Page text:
How to Listen
“A conversation is the process of alternating outflowing and inflowing communication.”
“There is a basic rule here:
“HE WHO WOULD OUTFLOW MUST ALSO INFLOW;
“HE WHO WOULD INFLOW MUST ALSO OUTFLOW.
“When we find this rule overbalanced, in either direction, we discover difficulty.
“A person who is only outflowing communication is actually not communicating at all, in the fullest sense of the word. For in order to communicate entirely, he would have to inflow as well as outflow. A person who is inflowing communication entirely is, again, out of order. For if he would inflow he must then outflow.” — L. Ron Hubbard
Carefully listening is a skill many people never learn. They find it difficult to listen. Yet if you never master this important communication skill, people do not like to talk to you.
You fail to skillfully inflow communication if you have one or more of these bad habits.
Ten Bad Listening Habits
1. Appearing to listen. You nod, you smile, you agree with everything people say. But you don’t hear a word. But the game is over when you ask a question about something the person already answered.
2. Resistance. You find ways to change the subject, distract the speaker or forbid discussion of a topic. Resistance simply puts off an inevitable confrontation.
3. Selective hearing. Tuning out or filtering out what you don’t want to hear. It takes a lot of practice to filter out certain topics, but some people do it well. For example, a boss gives an order and a suggestion. The employee hears the order but tunes out the suggestion. The employee describes a productivity problem and hints about a raise. The boss focuses on the production problem and never hears the hint.
4. Calculating while listening. Forming an answer. Working out a response. Thinking of ways to escape. You are less interested in what the person has to say than in what you will be saying or doing next.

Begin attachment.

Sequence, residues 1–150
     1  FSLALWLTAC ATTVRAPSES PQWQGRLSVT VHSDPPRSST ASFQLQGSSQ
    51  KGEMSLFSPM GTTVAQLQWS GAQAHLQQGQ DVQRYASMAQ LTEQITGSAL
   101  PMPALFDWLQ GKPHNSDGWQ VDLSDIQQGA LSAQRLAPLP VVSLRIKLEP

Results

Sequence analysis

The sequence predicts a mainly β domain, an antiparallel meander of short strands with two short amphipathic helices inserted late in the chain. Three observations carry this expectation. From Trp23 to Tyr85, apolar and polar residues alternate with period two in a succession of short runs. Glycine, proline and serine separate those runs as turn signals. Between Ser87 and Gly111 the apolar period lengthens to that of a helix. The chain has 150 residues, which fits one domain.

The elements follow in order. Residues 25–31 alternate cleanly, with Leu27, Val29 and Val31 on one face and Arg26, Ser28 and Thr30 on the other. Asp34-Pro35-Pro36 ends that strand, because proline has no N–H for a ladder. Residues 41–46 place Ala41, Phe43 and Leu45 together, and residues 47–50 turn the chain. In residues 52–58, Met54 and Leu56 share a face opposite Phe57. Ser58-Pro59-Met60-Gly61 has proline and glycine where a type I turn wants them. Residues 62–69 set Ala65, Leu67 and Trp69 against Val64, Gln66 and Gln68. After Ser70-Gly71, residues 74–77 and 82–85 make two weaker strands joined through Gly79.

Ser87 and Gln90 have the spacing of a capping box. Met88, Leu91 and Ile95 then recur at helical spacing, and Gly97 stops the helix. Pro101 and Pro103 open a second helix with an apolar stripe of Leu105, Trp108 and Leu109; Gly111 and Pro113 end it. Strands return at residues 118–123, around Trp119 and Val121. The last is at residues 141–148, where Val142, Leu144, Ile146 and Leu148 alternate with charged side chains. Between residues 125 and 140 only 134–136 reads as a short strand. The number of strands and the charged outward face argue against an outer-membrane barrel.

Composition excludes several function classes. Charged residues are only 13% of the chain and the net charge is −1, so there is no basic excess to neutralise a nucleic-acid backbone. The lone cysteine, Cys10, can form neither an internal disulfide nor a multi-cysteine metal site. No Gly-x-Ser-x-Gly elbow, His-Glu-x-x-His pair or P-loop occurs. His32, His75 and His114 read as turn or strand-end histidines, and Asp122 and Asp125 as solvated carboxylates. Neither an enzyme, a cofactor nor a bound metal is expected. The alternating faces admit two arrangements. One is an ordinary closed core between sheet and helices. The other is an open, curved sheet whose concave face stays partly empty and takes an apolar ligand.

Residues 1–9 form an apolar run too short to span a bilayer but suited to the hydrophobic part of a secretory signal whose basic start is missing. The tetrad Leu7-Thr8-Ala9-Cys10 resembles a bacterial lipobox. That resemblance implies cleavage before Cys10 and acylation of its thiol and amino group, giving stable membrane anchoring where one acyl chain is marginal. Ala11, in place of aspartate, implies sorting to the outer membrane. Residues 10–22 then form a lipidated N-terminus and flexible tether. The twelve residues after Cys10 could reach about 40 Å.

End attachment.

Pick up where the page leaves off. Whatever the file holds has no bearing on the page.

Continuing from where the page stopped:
5. Cutting in. You listen to some of the data, jump to a conclusion and cut the person off. Or maybe you interrupt with a question or abruptly change the subject. If you do this, you not only upset people, you often reach the wrong conclusion. When you cut people off, they feel you do not give a darn about them.
6. Spacing out. Day dreaming, drifting off, thinking of something else. Because you can listen twice as fast as people can speak, you get bored. You make the person feel unimportant.
7. Interpreting everything. You can’t take information at face value so you look for hidden meanings.”So when you say that you won’t help me, are you really saying you don’t like me?” “Because you won’t buy from me, does that mean you think I’m a crook?” “Are you actually angry but just being polite?”
8. Listening with an attitude. Instead of simply listening, you feel pressed for time or angry or unhappy. Maybe you do not believe the speaker. Regardless, you send body language. The speaker is distracted and fails to say what he or she wants to say.
9. Equating what people say to something else. Examples: A friend talks about his money problems while you think about your own money problems. Your spouse talks about taking a vacation while you think about asking your boss for time off.
10. Story topping. Cutting people off to tell them your better idea or more interesting experience. For example, someone says, “I met the mayor last night . . .” and you jump in and say, “Did I tell you about the time I met the governor?” It’s hard for you to ever let others be more important, more knowledgeable or more interesting than you.
One Great Listening Habit
“Happiness is power and power is being able to do what one is doing when one is doing it.” — L. Ron Hubbard
If you really want to be a great listener, you sit there and do nothing else except listen. You treat the person’s communication as the most important communication you have ever received.
Say to yourself, “Right now, there is not one thing more important than truly understanding this person.”
Look at the person with no other thought in mind. Make good eye contact. Get completely focused. Do nothing but listen.
The results might astound you!
- After talking to you, the other person feels better than ever.
- People seek your advice.
- You get picked for the best duties.
- When you have something important to say, people listen.
- People like you much more.
1. Notice how people listen to each other this week. Find three of the bad listening habits and what happens as a result.
2. For all conversations you have this week, give 100% of your attention to the person. Understand what they say exactly. Notice their reactions.
3. To see the difference, consciously use one or more of the bad habits, instead of carefully listening, and notice how people react.